Case study: Co-operative Group cuts costs with desktop virtualisation ahead of office move

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Case study: Co-operative Group cuts costs with desktop virtualisation ahead of office move

As the Co-operative Group (Co-op) prepares to move into its new head office in September 2012, the firm's IT team is on track to virtualise up to 3,500 desktops and merge some departments to drive cost savings.

Around 3,000 Co-op users are currently running Citrix's XenDesktop across the company's personnel and banking operations in the head office. The company has been using Citrix's XenDesktop for nine years, but the next phase of virtualisation will make all of Co-op's applications independent of the operating system (OS) it is running on.

Ian Cawson, technical architect at the Co-operative Group, said the company plans to virtualise up to 2,000 desktops by the end of 2011. By 2012, he hopes this number will reach 3,500 desktops across its head office and funeral services branches.

In addition, the Co-op will roll out desktop virtualisation across its financial and resell departments to centralise applications that are packaged separately to create a shared environment for support to provide cost savings.

Transitional phase

Britannia Building Society and The Co-operative Financial Services (CFS) merged in August 2009. Over the past two years, the companies have started optimising joint business operations and introducing virtualisation.

This forms part of the company's transitional phase, which will combine its financial and retail services arms in a project called Project Unity.

Co-op has been using Citrix's XenDesktop platform for over nine years. The company started virtualising desktops in 2009 to help reduce power consumption.

In January 2011, the Co-op predicted it will save more than £1.5m a year on simplified desktop maintenance and support, a further £500,000 a year on reduced energy costs, and will be on target to meet its commitment to a 35% reduction in the group's carbon footprint by 2017.

A recent Ovum CIO survey found that simplifying the management of desktops to reduce costs and provide business agility were the two main reasons for implementing desktop virtualisation.

Cawson said it took a year to roll out the initial virtual desktops after creating a business case. "The year-one costs are normally quite extensive, but over a five-year period the model is really compelling. It's the third year where you get the savings, primarily on the energy side and reduction in support mechanisms," he said.

Costs for the Co-op involved replacing its entire environment to support desktop virtualisation.

Part of the Co-op's business case was building a new environment based on a new HP ProLiant server and the use of Fusion I/O storage supported in a blade enclosure. Approximately 100 virtual desktops can be used per server.

Cawson said that after a break following the first roll-out due to financial reasons, the company is continuing its desktop virtualisation project.

Despite upfront costs, he said companies should avoid delaying business cases for virtualising desktops. "Just do it. If you don't spend, you'll have a longer wait and experience a longer wait to get payback," he added.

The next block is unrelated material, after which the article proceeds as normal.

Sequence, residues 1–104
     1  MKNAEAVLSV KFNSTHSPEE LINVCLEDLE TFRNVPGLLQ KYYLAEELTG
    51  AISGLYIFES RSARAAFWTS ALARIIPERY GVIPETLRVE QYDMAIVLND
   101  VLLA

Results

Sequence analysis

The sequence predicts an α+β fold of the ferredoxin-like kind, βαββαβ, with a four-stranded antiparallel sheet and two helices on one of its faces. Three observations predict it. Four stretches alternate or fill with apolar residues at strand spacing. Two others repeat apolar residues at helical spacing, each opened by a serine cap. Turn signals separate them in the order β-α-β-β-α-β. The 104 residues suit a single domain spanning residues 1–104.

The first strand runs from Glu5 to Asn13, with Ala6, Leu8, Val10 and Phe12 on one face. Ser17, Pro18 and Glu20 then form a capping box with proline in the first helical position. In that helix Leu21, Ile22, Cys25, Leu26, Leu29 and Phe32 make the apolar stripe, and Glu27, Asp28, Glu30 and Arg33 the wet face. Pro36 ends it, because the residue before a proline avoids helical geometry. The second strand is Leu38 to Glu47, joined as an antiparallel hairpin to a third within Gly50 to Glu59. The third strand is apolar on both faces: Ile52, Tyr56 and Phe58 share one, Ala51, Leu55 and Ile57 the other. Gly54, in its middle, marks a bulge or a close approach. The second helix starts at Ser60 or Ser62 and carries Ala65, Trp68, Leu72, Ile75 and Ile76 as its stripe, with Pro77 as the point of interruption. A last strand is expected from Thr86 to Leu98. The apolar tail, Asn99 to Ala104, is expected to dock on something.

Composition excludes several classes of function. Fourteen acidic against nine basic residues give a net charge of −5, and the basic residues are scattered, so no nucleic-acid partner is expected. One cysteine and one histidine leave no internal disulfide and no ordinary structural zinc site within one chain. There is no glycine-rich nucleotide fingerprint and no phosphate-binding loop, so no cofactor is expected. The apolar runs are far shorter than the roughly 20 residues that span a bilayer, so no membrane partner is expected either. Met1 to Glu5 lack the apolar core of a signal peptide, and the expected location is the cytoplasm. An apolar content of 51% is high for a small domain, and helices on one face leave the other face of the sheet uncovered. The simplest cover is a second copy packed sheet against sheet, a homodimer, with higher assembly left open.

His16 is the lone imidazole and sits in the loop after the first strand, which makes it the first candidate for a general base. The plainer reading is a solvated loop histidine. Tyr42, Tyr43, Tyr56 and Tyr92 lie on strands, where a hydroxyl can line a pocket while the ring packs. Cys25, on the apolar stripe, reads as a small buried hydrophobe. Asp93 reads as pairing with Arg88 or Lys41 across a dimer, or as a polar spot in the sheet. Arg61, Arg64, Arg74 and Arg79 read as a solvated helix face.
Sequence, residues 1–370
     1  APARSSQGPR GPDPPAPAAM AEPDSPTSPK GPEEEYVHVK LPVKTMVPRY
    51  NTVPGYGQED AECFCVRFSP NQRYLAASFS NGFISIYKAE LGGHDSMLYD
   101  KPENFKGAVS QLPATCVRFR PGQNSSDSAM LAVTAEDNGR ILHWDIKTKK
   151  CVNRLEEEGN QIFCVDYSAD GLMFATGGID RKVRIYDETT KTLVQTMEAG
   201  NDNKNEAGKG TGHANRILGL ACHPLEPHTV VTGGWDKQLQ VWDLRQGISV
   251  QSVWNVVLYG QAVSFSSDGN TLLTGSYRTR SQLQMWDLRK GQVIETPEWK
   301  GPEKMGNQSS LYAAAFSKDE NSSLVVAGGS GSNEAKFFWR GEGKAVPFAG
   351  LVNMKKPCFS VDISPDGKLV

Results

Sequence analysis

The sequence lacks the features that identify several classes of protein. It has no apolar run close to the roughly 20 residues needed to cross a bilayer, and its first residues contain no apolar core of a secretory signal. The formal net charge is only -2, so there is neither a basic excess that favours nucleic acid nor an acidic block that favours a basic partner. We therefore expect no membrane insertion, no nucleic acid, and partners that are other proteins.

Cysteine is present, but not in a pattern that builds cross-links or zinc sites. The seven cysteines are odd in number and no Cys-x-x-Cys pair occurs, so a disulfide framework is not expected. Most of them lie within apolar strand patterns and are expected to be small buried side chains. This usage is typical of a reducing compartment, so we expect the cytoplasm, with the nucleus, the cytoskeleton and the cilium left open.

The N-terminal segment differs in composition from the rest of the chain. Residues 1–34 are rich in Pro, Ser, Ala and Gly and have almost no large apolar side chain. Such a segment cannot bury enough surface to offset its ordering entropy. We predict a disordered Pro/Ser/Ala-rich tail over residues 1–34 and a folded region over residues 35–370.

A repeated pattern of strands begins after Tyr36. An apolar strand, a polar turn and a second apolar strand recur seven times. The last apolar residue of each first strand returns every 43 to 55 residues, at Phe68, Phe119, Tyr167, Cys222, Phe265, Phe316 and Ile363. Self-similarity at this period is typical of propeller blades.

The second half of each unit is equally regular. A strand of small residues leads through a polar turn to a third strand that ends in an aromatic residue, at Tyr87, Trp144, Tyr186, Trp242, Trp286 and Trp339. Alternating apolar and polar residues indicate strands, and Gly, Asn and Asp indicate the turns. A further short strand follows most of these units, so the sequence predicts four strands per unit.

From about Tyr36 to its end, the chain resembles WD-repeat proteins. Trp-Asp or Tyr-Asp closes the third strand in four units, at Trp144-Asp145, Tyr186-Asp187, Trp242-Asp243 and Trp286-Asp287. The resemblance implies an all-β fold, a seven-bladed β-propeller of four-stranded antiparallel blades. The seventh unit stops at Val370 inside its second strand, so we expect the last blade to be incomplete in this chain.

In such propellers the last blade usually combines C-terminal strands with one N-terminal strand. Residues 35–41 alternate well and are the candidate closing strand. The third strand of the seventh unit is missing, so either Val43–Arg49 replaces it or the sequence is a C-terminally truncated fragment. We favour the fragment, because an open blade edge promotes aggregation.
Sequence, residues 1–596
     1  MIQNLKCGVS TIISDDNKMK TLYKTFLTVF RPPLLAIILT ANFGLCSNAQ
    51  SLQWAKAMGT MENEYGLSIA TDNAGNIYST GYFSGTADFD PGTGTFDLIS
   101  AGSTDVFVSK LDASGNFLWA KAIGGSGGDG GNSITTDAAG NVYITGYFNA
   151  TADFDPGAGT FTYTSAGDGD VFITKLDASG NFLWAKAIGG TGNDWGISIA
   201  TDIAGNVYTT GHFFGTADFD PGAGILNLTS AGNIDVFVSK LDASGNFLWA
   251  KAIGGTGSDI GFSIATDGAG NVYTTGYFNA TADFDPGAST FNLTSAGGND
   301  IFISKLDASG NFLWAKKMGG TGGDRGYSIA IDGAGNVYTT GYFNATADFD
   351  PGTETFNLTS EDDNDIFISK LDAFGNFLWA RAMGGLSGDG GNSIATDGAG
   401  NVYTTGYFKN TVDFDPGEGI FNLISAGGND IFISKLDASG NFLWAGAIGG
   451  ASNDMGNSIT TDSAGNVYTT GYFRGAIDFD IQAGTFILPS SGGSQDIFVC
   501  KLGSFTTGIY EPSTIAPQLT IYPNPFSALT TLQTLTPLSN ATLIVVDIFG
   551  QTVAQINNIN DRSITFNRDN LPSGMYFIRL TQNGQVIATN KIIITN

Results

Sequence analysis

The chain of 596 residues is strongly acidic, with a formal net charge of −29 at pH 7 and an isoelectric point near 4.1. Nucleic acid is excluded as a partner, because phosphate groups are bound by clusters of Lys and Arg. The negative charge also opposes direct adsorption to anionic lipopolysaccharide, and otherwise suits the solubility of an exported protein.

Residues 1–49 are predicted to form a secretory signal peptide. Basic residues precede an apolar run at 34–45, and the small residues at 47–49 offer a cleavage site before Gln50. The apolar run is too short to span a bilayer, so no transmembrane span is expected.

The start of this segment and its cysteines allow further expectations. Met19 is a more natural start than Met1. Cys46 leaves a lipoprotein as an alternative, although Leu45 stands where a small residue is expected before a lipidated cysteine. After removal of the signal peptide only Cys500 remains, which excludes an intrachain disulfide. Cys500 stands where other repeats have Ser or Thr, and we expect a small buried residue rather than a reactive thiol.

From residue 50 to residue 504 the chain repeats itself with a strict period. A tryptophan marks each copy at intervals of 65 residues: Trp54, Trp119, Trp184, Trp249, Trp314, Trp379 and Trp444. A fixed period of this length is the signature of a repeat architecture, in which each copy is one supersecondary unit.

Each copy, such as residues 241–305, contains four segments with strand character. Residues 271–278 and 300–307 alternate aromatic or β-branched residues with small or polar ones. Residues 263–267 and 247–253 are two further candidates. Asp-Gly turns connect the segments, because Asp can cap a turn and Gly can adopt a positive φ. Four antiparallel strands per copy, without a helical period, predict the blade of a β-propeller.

Cawson said companies can also treat virtual desktops as a service model to eliminate capital expenditure.

Managing the virtual environment

Managing licences was key to the project. The Co-op uses AppSense's Environment Manager and Application Manager as part of its Citrix XenApp environment to standardise its management tools.

Cawson said the management tool helps look after applications to meet any governance and compliance issues around licensing. The company decided to use AppSense's Environment Manager and user personalisation instead of XenDesktop directly to provide "greater control and granularity".

"AppSense Environment Manager delivers a personalised experience every time our users log on, making it impossible for them to decipher between a traditional PC and their virtual one," he added.

The company recently signed a Microsoft EA (enterprise agreement). "We signed an EA agreement to tie into how we're distributing apps. It's the first time we've moved to EA and it's taken 18 months. Over the next three to four years, we're going through a transitional phase and there are financial benefits to doing it," he said.

Cawson said the company trained staff to use virtual desktops using video case studies shown to department "champions" who then trained everyone else in the department. "The challenge was that it was a cultural change. But the video case study training worked really well," he said.

The company is about to start trialling a Microsoft Windows 7 deployment and is using AppDNA to decipher potential migration problems with particular departments, as well as predicting costs.

Cawson anticipates legacy applications, such as 16-bit Windows NT, will be more difficult to migrate to Windows 7.

The first pilot will be rolled out in October 2011.

Carson said "80% of applications pose no problems", but it will be a learning curve as "things are changing all the time".



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This was first published in August 2011

 

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